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Parenting a Rebellious Teenager
February 10, 2004 7:00 AM   Subscribe

A co-worker and friend of mine is a single mother of three (girls of 6 and 11, son of 14). The boy is becoming more and more hostile and defiant by the day, and even ran away for several hours this past weekend. He's bright and creative, but seems to reserve his anger for the home. I'm fairly certain drugs/alcohol are not involved. Mom is at wit's end. I don't have kids myself so I feel unqualified giving advice. Anyone here who's been in the same situation? Any recommendations on how to go about beginning to try working this out? Counseling?
posted by sharksandwich to Human Relations (20 answers total)
 
He's a teenager. What do you expect? His mum could try to find out what's bugging him. If he'll tell her, she should probably count herself lucky, not that she will likely be able to do anything about it. It's called adolescence. Just wait a few years and he'll have got it out of his system.
posted by cbrody at 7:14 AM on February 10, 2004


So many forget that before the 20th century, 14 year olds were often out on their own. Since you cannot begin to describe his home situation in 4 lines, all I can suggest is start giving him some space and latitude. She certainly does not want to keep a young man with raging hormones confined to the house when she has an 11 year old daughter.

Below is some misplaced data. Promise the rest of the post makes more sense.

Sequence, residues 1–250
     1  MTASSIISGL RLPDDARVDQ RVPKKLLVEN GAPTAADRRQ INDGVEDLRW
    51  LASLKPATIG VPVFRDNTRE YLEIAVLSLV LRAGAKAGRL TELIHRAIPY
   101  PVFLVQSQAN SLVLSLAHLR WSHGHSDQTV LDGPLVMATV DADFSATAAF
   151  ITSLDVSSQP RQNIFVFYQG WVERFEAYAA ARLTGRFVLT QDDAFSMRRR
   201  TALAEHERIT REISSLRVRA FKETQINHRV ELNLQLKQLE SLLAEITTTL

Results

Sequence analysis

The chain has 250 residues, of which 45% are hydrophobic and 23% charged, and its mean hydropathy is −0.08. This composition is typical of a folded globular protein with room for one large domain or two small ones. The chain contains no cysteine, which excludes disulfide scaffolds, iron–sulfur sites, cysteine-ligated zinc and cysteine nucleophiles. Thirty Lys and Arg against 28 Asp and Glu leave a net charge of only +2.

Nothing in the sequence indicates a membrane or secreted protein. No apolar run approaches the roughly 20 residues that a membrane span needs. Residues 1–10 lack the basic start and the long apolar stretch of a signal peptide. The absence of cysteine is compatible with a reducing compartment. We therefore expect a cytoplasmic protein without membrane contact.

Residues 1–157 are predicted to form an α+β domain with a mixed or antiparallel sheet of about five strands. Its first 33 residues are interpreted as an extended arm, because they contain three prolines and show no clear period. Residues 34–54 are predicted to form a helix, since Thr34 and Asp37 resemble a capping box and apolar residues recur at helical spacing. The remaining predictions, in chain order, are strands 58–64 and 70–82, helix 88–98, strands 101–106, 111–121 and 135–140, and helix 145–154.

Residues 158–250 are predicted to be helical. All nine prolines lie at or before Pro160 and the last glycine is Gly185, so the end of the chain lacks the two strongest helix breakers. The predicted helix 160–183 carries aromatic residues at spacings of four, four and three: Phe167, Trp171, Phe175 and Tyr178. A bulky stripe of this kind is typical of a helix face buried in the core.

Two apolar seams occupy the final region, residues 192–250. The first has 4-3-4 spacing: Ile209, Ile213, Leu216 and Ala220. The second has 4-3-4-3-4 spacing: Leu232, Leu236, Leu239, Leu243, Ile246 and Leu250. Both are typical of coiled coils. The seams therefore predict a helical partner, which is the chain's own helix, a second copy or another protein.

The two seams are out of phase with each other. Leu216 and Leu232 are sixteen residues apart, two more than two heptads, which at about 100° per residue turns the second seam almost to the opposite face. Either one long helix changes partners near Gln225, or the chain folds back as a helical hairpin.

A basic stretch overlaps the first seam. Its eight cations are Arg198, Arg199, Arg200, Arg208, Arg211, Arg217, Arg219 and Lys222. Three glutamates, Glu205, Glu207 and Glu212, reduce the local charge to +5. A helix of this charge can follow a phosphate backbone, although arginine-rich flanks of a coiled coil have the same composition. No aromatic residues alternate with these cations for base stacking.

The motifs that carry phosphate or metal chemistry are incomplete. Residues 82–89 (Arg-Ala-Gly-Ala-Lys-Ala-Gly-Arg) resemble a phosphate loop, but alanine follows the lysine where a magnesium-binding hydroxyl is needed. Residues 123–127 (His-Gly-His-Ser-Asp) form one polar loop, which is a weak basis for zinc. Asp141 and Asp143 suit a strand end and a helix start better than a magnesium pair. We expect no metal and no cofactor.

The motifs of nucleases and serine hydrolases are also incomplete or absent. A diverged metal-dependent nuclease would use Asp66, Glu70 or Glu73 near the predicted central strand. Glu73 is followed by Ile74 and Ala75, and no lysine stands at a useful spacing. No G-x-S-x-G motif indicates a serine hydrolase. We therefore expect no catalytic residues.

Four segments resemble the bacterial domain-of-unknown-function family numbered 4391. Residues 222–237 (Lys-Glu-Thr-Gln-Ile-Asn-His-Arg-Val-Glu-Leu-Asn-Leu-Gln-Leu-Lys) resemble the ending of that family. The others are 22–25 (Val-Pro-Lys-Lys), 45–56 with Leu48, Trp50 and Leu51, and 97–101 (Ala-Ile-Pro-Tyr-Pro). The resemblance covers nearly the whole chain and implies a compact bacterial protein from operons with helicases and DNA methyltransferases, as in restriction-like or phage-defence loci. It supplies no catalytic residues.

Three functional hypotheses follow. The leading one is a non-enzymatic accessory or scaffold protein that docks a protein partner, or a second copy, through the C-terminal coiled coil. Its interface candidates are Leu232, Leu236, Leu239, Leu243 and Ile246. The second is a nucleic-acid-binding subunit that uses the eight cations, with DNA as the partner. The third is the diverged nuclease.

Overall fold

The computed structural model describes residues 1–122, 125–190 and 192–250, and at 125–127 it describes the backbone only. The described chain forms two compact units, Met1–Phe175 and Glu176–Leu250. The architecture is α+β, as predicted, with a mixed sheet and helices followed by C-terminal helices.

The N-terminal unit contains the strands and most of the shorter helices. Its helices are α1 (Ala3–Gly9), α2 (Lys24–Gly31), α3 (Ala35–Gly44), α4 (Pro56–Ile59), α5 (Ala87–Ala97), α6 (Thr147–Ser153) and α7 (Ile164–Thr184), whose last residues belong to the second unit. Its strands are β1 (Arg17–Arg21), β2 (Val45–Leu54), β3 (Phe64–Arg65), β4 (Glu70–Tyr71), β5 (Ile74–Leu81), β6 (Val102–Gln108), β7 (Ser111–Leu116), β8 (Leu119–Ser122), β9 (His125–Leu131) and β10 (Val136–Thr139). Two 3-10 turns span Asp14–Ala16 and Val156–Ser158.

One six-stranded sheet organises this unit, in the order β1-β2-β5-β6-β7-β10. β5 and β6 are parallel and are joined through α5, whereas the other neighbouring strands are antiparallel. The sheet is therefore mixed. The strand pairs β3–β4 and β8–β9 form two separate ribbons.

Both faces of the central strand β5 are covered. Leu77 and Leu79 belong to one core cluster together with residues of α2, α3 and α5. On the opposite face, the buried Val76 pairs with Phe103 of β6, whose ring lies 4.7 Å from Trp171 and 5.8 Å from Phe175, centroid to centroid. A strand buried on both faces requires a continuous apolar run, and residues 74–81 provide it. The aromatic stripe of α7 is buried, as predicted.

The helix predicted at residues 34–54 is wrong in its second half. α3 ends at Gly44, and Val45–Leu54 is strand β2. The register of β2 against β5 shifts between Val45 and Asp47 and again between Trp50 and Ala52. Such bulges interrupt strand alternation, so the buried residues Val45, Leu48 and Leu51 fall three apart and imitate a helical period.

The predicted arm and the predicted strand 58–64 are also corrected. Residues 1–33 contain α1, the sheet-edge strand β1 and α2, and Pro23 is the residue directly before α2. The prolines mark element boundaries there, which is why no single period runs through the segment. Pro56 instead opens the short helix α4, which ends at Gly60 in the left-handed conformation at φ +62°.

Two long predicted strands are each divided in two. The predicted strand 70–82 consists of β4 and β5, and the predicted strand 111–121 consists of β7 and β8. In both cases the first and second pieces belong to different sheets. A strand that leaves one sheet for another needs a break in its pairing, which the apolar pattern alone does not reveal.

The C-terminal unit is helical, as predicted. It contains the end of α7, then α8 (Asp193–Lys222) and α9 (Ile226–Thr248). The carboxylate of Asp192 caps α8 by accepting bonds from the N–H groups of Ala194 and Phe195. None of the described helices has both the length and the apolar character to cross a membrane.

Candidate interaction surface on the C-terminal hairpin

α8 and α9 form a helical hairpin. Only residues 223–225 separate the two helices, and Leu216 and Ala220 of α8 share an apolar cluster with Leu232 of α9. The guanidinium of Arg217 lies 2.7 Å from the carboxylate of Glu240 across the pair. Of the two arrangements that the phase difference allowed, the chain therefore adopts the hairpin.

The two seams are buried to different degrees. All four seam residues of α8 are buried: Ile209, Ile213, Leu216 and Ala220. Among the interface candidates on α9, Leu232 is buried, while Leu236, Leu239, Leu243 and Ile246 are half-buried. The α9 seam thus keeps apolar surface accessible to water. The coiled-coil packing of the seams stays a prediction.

posted by mischief at 7:37 AM on February 10, 2004


Sounds like it might be a job for Big Brothers.
posted by dglynn at 7:38 AM on February 10, 2004


Sorry, cbrody, that's not enough.

Going by the limited information, I'd say I was a lot like this kid. What I wanted more than anything was independence. More control over my life. I looked into moving out of the house to live on my own before finishing high school. I felt ready to tackle the world, whether it was true or not. Instead, I had the same rules that I had had when I was ten or five. They just didn't work for me anymore.